People online don’t know who you are, who your friends are, what you’re like, or if you are a good person. Visitors see only your site, and you have one chance to make a solid impression and get them to keep coming back. This post is not going to be about the happy things in blogging, it is going to be about focusing on what you’re doing wrong so that you can make your site better. If I sit here and applaud your victories, that makes us all feel fuzzy on the inside, but constructive criticism and constant improvement is what has built the best blogs and created the most successful careers.
So, I’m going to be dreadfully honest. Visitors come to your blog, take a look around, and hate it. This does not happen just occasionally, I can guarantee you that, if you have a lot of traffic, it probably happens on a fairly regular basis. I know that some of the sites I visit aren’t horrible, they could give me value, but there is something about them that just irks me to no end. If you can fix these pet peeves that many internet users have, you can keep visitors content and help to give the world lower stress levels.
Add A StumbleUpon Button. Please.
This is what actually prompted me to write this post on TechWalls today – I was trying to submit a link that I really liked from a site that I had just found, and I could not find a StumbleUpon Button. Anywhere. People want to share your content. Make it easy for them to do so, and you won’t get angry readers. I don’t want to have to open a new tab, go to the StumbleUpon website, login, click on a couple of links, and then submit a new link. Give me a button, for crying out loud! You might have had a power Stumbler about to put your content on his channel, but your lack of preparedness lost you this opportunity. I know tons of internet users who hate blogs that make it hard for readers to share content on StumbleUpon, one of the biggest sources of traffic in terms of sharing.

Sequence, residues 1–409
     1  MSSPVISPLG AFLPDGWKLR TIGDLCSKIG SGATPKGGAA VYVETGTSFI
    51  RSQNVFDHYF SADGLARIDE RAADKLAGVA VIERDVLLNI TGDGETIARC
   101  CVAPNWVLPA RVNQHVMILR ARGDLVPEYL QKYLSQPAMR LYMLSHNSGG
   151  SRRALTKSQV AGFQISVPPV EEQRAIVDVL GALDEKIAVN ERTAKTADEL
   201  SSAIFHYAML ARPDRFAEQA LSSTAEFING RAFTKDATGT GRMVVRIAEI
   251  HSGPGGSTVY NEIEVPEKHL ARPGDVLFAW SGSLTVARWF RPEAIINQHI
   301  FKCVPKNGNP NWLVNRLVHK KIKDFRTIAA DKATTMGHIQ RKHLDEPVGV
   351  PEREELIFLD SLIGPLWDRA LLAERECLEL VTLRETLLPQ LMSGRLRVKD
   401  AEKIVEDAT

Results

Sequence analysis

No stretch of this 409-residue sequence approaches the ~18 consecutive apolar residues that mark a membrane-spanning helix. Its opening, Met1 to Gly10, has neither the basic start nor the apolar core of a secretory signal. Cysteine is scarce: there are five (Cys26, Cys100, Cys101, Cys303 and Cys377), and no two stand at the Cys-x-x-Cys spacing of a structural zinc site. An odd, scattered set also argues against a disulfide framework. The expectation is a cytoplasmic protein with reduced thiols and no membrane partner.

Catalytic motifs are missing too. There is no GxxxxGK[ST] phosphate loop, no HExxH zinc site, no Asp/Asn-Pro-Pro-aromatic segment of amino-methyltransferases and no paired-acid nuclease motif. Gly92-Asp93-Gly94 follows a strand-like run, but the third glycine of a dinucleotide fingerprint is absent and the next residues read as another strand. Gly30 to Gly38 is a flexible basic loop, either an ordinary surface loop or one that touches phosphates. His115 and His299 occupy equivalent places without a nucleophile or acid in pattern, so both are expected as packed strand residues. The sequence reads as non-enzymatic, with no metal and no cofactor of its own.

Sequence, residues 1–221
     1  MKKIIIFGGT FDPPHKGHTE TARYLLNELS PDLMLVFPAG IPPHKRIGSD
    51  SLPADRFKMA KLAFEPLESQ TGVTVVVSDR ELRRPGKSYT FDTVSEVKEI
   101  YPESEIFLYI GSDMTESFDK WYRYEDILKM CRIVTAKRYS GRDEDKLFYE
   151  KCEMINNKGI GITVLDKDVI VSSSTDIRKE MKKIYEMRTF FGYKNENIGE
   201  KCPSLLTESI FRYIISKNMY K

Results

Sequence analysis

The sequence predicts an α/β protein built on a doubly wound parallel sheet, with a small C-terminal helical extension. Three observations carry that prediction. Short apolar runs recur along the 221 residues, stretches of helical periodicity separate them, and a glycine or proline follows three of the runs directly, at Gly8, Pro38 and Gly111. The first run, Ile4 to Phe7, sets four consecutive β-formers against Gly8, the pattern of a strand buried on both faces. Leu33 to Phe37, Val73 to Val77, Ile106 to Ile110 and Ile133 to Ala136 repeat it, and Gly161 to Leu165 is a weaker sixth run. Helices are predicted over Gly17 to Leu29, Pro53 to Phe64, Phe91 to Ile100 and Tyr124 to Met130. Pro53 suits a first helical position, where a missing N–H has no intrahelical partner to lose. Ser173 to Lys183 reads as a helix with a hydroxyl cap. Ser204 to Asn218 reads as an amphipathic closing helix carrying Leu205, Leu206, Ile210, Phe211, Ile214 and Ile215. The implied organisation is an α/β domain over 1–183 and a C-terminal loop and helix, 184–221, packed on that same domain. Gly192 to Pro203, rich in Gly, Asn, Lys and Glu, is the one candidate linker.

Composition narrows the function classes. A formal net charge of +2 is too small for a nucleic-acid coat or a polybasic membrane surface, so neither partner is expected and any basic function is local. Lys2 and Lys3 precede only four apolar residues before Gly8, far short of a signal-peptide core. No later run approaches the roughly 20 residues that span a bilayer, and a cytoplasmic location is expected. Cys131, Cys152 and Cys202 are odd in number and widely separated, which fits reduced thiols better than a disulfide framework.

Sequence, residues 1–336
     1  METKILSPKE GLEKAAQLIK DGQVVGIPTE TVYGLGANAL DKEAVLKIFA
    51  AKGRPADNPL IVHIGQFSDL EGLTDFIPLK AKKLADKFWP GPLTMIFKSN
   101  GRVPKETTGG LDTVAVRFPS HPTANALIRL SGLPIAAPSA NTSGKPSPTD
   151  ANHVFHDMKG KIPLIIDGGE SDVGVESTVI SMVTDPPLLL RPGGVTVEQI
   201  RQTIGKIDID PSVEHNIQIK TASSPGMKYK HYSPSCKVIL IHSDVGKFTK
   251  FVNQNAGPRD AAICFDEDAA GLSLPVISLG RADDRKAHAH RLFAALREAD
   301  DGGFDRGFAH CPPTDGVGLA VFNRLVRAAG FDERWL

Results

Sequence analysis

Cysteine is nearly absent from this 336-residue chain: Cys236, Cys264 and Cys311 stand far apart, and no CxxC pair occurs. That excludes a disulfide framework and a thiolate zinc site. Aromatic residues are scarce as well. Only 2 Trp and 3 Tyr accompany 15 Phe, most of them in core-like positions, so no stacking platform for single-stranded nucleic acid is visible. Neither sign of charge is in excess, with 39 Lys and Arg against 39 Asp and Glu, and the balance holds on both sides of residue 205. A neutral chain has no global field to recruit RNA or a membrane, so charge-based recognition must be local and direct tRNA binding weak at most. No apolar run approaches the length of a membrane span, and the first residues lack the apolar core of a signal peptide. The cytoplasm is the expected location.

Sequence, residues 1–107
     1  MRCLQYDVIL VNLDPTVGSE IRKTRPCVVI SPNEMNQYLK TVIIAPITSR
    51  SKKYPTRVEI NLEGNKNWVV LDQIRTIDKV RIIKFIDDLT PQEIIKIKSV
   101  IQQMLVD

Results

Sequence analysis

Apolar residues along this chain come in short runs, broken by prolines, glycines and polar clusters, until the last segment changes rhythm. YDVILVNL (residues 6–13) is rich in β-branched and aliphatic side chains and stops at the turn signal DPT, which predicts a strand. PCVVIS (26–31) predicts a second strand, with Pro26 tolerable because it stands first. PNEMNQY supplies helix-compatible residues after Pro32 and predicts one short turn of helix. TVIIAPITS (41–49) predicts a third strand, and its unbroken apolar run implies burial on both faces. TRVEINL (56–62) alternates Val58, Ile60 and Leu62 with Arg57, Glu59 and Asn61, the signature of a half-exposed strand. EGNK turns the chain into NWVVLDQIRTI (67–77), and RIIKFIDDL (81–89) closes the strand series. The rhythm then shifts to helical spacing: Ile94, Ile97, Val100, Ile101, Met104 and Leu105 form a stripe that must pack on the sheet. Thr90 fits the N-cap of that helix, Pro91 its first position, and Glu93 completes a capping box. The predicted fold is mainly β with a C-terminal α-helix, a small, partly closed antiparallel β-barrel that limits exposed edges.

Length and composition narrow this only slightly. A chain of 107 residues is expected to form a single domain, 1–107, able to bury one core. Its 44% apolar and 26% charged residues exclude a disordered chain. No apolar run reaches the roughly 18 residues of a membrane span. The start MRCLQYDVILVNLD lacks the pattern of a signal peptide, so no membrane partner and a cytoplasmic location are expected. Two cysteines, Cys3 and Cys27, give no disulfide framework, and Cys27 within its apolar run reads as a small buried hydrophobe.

If you’re complaining about how you don’t have enough space to put a button, stop. I didn’t say that visitors need the button to be prominent, I said that they need it to be present. I’m willing to do a bit of looking – scrolling down to the bottom of a post and opening a share tab, for example – this is a lot easier than the alternative of having no button.
Do Not Set Video Ads To Automatically Play
There are a couple of sites that I used to visit on a regular basis which I have blacklisted. Why? Because they decided to irk readers in exchange for making a little bit more on ads. In this day and age, readers are really averse to blogs which have video ads that automatically play, or have any kind of obtrusive ads, for that matter. Remember one of the most important rules of blogging: keep the reader valued first, and your revenue stream valued second. If you switch those priorities, you will lose readers, and you will, in turn, lose revenue. If you please readers, I can assure you that you will make more money than if you stuffed your blog with obtrusive advertisements.
Small Pictures Create Anger